I also must agree with "Q".  Its a very congested market for independent IT services.  It seems like everyone has a neighbor or friend who "knows about computers" and people are often willing to take the cheap route on IT services.  Big companies don't usually do that, but then they have their own IT staff.  But if you can partner up with a trustworthy person who has legitimate business talents and you have an idea that "has legs", you can leverage your IT skills to MAJOR savings.

We have a guy in our group who is one of those "idea people".  When he goes about his daily business and encounters some little annoyance or inconvenience, his brain immediately starts thinking of how that thing could be improved, whereas the average person is just annoyed.  I (along with a partner) am using  IT skills to create the application from scratch.  The amount of time and effort invested so far would cost us well over $10,000 (USD), but all we have spent so far is <$50 in webhosting and our time.  Once the app is finished, our time will be spent in building something else that will make money, and this app will produce revenue almost entirely on its own (remember, its an app that hosts THEIR data, which they are responsible for).  We have put in sweat equity, but we are equal partners, so we have direct link to the profits.

From that initial product, if successful, we plan on launching a full development company which will have a singular flexibility, because our bills will be paid by a low-maintenance product that is already built.  So we will have the opportunity to pick and choose which projects we would like to take on.  At this point, we are a couple weeks away from our launch of version 1.  Perhaps it will all collapse, but damn if it works, it'll be friggin sweet.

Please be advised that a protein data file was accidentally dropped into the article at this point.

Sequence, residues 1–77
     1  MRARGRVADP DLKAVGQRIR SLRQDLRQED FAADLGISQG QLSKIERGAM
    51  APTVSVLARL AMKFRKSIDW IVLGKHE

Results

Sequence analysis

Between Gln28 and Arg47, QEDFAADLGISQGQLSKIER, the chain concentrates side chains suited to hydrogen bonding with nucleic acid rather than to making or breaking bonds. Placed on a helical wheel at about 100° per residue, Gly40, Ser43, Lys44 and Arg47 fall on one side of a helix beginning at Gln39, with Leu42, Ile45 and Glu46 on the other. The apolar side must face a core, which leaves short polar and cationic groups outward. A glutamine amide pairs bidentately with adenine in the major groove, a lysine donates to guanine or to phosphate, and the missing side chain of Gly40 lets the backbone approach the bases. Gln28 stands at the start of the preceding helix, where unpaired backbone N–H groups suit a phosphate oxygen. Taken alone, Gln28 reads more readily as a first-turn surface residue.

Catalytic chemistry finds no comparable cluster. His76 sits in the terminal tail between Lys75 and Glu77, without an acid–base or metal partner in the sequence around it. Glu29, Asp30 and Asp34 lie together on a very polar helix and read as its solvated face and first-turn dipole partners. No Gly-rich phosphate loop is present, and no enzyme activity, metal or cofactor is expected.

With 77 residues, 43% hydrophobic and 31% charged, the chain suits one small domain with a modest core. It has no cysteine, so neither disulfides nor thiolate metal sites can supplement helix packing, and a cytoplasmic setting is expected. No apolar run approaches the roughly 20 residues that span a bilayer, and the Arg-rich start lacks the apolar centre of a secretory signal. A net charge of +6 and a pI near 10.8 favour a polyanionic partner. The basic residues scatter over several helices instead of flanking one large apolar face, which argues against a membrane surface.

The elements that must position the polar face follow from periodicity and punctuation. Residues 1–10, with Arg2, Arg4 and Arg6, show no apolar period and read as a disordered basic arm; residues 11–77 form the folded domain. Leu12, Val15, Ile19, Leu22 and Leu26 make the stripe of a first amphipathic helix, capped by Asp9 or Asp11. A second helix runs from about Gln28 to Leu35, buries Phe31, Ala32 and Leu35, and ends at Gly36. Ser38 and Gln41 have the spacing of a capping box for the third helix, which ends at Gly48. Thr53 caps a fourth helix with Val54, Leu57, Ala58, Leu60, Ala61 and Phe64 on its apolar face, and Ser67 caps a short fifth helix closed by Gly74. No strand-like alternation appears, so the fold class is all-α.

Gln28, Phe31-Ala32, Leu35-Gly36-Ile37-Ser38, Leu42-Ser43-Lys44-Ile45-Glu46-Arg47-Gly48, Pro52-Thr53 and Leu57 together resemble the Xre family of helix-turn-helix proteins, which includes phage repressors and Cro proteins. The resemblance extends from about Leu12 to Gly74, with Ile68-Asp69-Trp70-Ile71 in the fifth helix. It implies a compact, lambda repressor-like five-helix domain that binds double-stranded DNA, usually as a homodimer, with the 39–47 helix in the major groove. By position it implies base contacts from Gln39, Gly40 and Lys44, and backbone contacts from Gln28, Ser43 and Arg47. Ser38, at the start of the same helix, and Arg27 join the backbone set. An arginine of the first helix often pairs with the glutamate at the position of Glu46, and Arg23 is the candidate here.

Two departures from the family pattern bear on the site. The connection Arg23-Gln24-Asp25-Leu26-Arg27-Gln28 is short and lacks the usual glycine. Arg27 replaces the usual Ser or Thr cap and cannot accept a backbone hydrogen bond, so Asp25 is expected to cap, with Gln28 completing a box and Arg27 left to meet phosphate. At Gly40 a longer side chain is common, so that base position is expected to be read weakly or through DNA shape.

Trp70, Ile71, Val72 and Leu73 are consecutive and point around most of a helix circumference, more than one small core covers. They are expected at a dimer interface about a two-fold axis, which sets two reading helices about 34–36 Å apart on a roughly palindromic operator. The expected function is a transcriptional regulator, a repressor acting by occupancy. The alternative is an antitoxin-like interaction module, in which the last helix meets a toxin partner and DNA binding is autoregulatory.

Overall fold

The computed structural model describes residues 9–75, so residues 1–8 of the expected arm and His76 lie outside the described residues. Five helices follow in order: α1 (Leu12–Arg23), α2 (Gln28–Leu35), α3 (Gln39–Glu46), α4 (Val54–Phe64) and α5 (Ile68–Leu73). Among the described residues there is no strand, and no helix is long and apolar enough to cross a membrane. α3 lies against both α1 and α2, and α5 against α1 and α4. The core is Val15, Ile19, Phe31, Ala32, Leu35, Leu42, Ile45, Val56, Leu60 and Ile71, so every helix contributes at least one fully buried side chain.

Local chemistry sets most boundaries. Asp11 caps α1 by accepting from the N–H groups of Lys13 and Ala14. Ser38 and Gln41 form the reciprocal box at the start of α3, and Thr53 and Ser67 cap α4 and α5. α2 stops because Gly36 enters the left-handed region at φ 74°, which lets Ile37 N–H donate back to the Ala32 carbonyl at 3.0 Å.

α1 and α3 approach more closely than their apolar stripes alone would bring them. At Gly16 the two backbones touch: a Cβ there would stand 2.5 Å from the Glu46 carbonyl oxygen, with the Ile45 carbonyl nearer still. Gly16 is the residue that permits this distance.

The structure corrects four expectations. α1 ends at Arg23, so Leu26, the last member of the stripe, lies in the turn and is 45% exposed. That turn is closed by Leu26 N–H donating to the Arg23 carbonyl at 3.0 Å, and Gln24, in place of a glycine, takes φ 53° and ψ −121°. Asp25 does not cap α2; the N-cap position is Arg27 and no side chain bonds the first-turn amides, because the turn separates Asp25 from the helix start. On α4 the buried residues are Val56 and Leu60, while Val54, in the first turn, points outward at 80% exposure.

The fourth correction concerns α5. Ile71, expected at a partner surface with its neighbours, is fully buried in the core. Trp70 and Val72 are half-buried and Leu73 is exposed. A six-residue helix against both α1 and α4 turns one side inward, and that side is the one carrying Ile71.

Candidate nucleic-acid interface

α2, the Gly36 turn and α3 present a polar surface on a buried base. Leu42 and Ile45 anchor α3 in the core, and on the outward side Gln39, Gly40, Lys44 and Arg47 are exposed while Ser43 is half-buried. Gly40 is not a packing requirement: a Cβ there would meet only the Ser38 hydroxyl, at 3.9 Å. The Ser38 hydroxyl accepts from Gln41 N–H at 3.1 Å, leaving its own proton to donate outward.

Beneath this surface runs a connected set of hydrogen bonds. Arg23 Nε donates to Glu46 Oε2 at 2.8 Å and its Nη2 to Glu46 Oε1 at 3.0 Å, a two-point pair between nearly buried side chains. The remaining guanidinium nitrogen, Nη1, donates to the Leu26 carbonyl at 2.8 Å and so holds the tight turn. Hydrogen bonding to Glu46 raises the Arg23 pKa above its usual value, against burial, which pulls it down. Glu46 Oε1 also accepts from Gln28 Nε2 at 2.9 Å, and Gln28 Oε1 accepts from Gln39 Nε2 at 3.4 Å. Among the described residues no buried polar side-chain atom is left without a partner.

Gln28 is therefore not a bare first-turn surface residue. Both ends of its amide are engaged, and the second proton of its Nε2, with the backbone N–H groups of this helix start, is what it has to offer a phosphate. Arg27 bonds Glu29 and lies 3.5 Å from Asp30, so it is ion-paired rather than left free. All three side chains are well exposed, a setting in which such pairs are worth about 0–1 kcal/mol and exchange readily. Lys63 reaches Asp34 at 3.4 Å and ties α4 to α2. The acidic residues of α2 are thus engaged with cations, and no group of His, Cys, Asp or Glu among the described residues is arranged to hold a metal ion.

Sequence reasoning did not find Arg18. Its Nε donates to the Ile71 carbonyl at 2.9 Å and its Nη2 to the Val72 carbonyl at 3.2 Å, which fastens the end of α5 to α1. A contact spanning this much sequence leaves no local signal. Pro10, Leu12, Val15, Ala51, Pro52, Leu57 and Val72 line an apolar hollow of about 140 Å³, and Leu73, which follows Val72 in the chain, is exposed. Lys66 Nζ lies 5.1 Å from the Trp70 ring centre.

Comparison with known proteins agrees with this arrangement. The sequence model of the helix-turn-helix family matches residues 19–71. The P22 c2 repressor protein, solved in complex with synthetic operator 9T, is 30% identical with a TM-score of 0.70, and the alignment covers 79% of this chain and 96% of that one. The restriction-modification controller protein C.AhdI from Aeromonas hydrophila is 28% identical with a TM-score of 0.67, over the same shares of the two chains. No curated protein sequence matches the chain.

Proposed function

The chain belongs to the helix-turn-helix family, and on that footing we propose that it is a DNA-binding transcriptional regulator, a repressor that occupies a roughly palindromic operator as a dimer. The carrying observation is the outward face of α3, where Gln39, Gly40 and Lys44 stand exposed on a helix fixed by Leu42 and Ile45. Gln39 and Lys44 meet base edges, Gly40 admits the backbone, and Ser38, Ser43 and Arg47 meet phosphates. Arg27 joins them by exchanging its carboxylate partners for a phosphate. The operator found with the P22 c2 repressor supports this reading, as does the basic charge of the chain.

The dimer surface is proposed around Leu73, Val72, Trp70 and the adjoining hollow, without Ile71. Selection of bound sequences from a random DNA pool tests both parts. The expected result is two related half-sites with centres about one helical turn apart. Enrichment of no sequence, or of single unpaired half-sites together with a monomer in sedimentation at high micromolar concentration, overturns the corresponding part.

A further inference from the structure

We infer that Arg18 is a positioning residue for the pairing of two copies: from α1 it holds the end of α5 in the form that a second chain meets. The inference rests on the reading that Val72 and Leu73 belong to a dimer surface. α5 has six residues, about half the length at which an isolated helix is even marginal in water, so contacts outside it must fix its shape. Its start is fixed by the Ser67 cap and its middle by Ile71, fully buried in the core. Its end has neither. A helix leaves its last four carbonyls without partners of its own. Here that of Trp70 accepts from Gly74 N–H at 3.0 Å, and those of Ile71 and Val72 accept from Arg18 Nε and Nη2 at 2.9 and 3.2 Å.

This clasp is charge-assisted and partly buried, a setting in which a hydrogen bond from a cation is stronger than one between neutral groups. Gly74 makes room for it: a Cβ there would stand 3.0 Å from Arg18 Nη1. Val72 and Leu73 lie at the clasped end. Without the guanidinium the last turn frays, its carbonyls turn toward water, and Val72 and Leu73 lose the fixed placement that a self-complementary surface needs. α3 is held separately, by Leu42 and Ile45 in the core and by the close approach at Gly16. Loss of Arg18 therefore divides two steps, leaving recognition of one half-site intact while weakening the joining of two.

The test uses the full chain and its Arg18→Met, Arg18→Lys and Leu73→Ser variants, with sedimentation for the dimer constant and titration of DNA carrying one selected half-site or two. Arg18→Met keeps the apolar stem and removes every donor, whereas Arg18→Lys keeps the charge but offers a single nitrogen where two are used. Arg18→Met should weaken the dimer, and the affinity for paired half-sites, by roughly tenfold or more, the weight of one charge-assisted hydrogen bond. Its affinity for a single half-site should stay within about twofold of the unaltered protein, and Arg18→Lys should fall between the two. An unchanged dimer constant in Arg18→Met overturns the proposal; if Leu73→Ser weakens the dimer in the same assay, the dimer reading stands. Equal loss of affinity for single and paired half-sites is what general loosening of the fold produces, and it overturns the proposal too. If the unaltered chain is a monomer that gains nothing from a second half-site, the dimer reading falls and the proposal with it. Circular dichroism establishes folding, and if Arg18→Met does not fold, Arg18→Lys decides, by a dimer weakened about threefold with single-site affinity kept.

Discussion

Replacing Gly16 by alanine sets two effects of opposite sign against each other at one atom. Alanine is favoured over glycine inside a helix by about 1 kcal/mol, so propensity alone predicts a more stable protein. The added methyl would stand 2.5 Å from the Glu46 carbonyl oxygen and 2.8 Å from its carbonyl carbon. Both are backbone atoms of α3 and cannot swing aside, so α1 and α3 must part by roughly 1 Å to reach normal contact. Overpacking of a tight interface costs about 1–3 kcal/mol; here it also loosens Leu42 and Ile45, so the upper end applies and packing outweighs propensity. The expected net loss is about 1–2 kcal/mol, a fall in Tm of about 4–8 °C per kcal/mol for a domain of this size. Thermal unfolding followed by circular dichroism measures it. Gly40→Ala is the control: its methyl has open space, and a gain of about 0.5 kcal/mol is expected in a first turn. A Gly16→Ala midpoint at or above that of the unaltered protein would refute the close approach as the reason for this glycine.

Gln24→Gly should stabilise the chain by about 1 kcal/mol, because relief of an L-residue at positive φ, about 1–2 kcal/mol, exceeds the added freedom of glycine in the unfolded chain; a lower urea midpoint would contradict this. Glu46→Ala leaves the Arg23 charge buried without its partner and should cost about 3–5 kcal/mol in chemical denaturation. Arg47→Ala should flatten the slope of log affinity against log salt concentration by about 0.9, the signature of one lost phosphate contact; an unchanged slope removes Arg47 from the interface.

Clay Whipkey
Wednesday, May 05, 2004

Read Barry Moltz's book "You need to be a little crazy". Unlike the books that always paint a beautiful rosy picture, Barry tells you the reality of things based on his own experiences (He started various companies). His stories are a little on the gloomier side, but that side needs to be mentioned too.

According to his experience, it is not so much what kind of business you do that really matters. What matters is who you go into business with. Even if you are going to work alone, you are still going to drag your friends and family into it in one way or another (emotionally, financially, etc...)

I think your passion has to do with it too obviously. When times are hard, you will need that passion and the will to go on. Otherwise, you'll quit before you even get a chance to survive your first storm.

grunt
Wednesday, May 05, 2004

I started a web design company about 4 months ago.  Put an ad in the yellow pages and have been getting calls ever since...It's a nice industry to work in, man: no boss, own hours, working with clients, it's not bad!

Conor MacLeod
Wednesday, May 05, 2004

Conner:


What city are you in ?


doodist

op
Wednesday, May 05, 2004

I'm in San Francisco.

Conor MacLeod
Wednesday, May 05, 2004

rule: do what you know. point.

Evgeny Gesin /Javadesk.com/
Wednesday, May 05, 2004

>rule: do what you know. point.

Not necessarily.  YOU don't have to know anything about real estate, or medicine, or construction... to use your technical knowledge to build a product that serves those markets (they just happen to be stable and lucrative markets).  What you MUST have is at least a partner who knows your market well.  I think small businesses that have a combination of specialized people focusing on what they are good at, as opposed to one person who has IT skills and mediocre accounting/business/marketing skills trying to do everything himself.

So the above rule may apply to what function you set yourself up to be performing in your business, but it doesn't necessarily determine what the business should be.  Maybe its more like:

1. YOU do what you know for your business.
2. Your BUSINESS does what will be profitable.

Clay Whipkey
Wednesday, May 05, 2004